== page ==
Engagement levels are down because, frankly, we have lost trust in our governments, in our organisations, in our leaders, and in ourselves. This trust problem is enormous.
Only 40% of people aged 35 – 64 trust businesses to do what is right in North America and Europe. The Edelman 2009 Trust barometer
Less that 33% of HR professionals had “high confidence” in their leaders to assure organisational success. Even fewer leaders had that same level of “high confidence” PDI Survey 2009
Up to 40% of people state they are looking to change jobs within the next year (65% in the US) 2010 Right Management Survey Trust barometer
Surveys show that between 40% - 60% of people feel “disengaged” at work (Harvard Business Review May 2014)
We are lost in our search for meaning. Our confidence is shattered. It is as if the “mid-life crisis” is setting in for all people of all ages. We may see this as inevitable if we are as fatalistic as the “double-dip” economists. However, if we draw from the well of hope, then we need to do something about it. This is where a simple intervention may indeed be remarkably effective.
Would managers and leaders in our organisations really make a difference to levels of engagement if they stopped hiding behind their computer screens and Smart Phones and started having more conversations with those around them in the workplace? The research evidence is pretty compelling from Jonathan Winter’s highly informative Career Innovations Research findings (www.careerinnovation.com).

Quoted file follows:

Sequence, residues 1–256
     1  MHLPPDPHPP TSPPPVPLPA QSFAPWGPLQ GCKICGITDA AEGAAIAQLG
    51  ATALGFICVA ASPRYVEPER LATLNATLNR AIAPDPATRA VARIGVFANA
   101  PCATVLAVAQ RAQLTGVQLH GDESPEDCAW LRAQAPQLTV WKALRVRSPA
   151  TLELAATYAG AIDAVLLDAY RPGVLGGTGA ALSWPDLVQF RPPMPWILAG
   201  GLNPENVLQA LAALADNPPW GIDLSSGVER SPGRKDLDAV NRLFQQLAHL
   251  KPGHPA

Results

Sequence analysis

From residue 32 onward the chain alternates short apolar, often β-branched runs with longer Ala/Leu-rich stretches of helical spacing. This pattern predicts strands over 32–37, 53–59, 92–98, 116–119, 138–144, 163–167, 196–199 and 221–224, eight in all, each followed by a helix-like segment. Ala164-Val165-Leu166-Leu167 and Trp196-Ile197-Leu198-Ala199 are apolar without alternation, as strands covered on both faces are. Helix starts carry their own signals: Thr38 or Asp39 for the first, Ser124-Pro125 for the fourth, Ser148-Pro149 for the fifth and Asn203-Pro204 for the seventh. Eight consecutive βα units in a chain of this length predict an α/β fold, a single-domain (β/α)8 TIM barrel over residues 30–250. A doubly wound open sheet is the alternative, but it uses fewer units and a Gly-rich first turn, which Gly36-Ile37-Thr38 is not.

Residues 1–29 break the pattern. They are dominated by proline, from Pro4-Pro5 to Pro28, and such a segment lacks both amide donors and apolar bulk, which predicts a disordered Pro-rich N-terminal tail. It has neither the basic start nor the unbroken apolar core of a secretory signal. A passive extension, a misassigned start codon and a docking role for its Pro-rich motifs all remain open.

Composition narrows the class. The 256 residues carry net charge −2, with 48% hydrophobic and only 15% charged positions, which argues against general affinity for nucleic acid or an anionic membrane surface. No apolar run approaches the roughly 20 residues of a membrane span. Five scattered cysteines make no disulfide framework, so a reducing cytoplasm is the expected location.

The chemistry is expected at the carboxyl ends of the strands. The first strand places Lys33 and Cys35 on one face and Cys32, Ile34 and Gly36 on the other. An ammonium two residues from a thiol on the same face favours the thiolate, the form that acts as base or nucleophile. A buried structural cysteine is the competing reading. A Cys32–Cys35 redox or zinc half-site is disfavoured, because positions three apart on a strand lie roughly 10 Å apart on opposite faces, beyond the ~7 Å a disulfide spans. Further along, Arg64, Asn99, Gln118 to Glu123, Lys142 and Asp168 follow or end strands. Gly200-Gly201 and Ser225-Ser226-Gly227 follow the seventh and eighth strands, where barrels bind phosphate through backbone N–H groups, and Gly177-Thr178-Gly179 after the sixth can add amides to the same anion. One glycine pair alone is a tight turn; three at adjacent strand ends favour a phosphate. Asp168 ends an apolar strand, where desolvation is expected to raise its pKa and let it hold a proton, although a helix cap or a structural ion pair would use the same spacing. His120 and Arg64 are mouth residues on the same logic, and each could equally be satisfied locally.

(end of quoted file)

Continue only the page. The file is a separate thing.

40% of people at work felt they had an issue they wanted to discuss with their line manager but felt unable to do so.
Employees who feel unable to have “engaging conversations” with their line manager are THREE TIMES more likely to leave in the next year
On staff surveys, between 40 - 55% of employees do not feel they no longer know their organisational strategy or objectives.
Simple as it may seem, perhaps the most effective tool you have as a leader is “the art of conversation”. Not one-sided diatribes or spurious certainties, but conversations which involve leaders and their teams listening to each other then framing their own comments with less certainty and more humility in a collaborative attempt to articulate what is happening, to strive to make meaning once more. “Making sense” is hard, in what is often a senseless world, but good managers try to “make meaning” even in difficult times.
As Dylan Thomas put it;
“The art of conversation is dead - or at least lying down to have a good rest “.
Time to wake up the art of conversation.